Disagree with bibleThe Bible is undoubtedly one of the most controversial books ever written. It has been discussed and argued over for centuries and continues to be hotly disputed today.

Some claim the bible is irrelevant. However, its amazing claim to be the very word of God (2 Timothy 3:16) demand that it at least be looked at and considered. I have real problems with people who claim it to be irrelevant, and yet have never really read it properly. I find that attitude very arrogant. Usually people dismiss it and claim it to be irrelevant simply because they heard it somewhere, or read a newspaper article from some so-called intellectual, believing this person’s view to be correct due to his reputation.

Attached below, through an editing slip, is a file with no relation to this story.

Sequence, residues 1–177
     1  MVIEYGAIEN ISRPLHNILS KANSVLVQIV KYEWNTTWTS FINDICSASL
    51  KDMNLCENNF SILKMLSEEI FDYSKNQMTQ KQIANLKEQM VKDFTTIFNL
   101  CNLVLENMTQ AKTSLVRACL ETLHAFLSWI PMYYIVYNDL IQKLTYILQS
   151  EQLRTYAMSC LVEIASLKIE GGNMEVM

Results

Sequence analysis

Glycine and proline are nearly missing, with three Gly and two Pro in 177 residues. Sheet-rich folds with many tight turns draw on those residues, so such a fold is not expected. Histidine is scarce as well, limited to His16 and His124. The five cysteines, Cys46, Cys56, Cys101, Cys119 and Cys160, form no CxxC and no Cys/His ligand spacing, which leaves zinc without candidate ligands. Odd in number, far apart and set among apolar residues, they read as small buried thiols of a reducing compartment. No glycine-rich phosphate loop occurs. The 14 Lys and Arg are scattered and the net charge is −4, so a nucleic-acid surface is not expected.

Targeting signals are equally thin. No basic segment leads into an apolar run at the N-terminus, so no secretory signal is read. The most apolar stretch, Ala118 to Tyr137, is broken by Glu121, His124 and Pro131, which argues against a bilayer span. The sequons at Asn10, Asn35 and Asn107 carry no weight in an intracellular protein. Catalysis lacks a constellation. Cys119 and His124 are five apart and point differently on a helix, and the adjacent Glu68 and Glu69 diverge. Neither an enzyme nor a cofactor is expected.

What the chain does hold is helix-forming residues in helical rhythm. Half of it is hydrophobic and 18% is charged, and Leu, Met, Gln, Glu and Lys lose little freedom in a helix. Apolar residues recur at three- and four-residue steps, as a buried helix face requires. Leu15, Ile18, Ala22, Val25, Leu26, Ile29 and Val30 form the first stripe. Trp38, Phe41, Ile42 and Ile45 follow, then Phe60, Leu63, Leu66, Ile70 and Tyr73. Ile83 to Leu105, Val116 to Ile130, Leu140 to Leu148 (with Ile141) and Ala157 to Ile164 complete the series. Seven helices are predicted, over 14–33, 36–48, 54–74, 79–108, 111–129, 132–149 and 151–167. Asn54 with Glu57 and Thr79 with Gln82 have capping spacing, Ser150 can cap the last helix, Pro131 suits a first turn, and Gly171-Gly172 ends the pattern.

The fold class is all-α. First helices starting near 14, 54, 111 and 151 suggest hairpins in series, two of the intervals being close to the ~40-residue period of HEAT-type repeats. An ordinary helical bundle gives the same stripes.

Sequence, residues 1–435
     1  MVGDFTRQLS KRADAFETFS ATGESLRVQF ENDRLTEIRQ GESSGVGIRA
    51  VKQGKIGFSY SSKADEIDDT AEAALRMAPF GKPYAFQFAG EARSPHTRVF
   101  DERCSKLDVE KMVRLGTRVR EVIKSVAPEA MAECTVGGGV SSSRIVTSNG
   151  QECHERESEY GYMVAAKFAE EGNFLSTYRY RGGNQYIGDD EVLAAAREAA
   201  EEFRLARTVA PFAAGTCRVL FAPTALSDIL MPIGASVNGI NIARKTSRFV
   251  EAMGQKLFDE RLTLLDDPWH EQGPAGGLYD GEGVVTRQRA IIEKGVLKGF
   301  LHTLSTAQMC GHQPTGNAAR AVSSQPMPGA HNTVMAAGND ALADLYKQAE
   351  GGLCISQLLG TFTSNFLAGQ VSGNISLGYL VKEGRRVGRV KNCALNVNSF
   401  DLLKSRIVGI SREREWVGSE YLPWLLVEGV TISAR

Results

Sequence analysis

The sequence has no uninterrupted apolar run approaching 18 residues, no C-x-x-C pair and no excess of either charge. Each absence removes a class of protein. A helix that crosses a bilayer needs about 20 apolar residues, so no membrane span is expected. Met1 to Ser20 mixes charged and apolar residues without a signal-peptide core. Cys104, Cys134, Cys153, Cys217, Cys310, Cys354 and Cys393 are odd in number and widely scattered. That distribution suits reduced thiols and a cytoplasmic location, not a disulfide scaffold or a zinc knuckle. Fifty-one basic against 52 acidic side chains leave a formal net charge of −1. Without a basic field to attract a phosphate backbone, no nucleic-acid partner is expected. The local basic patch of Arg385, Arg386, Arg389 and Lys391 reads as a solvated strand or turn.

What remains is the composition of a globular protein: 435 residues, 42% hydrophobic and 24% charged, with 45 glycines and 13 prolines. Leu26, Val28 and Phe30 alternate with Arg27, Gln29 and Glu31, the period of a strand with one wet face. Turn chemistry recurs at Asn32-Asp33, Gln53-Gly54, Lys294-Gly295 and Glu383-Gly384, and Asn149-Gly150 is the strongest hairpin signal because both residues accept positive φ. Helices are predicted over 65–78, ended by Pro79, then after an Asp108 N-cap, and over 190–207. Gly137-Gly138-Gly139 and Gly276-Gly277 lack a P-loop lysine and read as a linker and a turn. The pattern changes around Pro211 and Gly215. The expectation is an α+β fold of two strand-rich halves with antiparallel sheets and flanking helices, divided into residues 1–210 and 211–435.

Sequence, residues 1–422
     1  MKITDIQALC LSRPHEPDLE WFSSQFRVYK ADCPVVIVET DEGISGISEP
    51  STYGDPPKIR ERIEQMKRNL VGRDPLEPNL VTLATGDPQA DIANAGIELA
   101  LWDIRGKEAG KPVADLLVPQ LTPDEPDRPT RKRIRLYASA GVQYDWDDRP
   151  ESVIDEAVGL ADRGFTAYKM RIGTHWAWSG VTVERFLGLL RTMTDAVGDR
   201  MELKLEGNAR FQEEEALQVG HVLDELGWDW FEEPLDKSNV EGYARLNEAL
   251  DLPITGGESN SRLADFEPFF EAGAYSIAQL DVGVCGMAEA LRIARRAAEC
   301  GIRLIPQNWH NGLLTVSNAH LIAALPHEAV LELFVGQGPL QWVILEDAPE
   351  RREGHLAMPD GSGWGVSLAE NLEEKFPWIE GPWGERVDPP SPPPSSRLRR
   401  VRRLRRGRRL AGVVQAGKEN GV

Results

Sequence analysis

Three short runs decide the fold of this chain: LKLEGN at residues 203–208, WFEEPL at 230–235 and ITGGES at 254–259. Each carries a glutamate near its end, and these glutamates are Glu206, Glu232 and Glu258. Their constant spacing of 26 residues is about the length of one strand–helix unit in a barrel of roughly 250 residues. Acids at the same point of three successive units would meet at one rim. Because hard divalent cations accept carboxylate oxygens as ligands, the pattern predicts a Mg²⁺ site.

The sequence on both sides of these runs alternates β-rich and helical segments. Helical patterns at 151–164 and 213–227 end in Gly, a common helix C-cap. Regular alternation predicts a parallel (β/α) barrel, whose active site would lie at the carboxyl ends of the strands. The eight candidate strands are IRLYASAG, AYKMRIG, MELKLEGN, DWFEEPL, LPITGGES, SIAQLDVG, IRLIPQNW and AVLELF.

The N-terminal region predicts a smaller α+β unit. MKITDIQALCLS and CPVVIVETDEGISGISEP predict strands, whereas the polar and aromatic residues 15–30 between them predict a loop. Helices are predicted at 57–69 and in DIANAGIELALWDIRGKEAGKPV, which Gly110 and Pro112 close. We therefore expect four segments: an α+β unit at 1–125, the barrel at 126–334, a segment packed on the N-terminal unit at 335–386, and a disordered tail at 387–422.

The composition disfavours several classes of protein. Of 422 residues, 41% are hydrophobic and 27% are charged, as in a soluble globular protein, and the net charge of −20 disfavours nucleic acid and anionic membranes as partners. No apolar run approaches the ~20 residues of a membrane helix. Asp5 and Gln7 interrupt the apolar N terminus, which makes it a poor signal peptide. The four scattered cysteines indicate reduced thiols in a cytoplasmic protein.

I would strongly advise to check everything out personally. Never assume that worldly intelligence equals wisdom or that intellectuals know everything about what they are talking about. One day God will ask you what you made of His word and it will seem pretty feeble if we quote some atheist or sceptic who disagreed with the God of the universe!

I suspect that people who dismiss the word of God may be secretly worried that it might actually be true. This being the case, it would then mean major upheaval in their lives, therefore they don’t really want to dig any deeper. If you have stumbled upon this site and you are of that opinion, I challenge you to take more than just a cursory glance.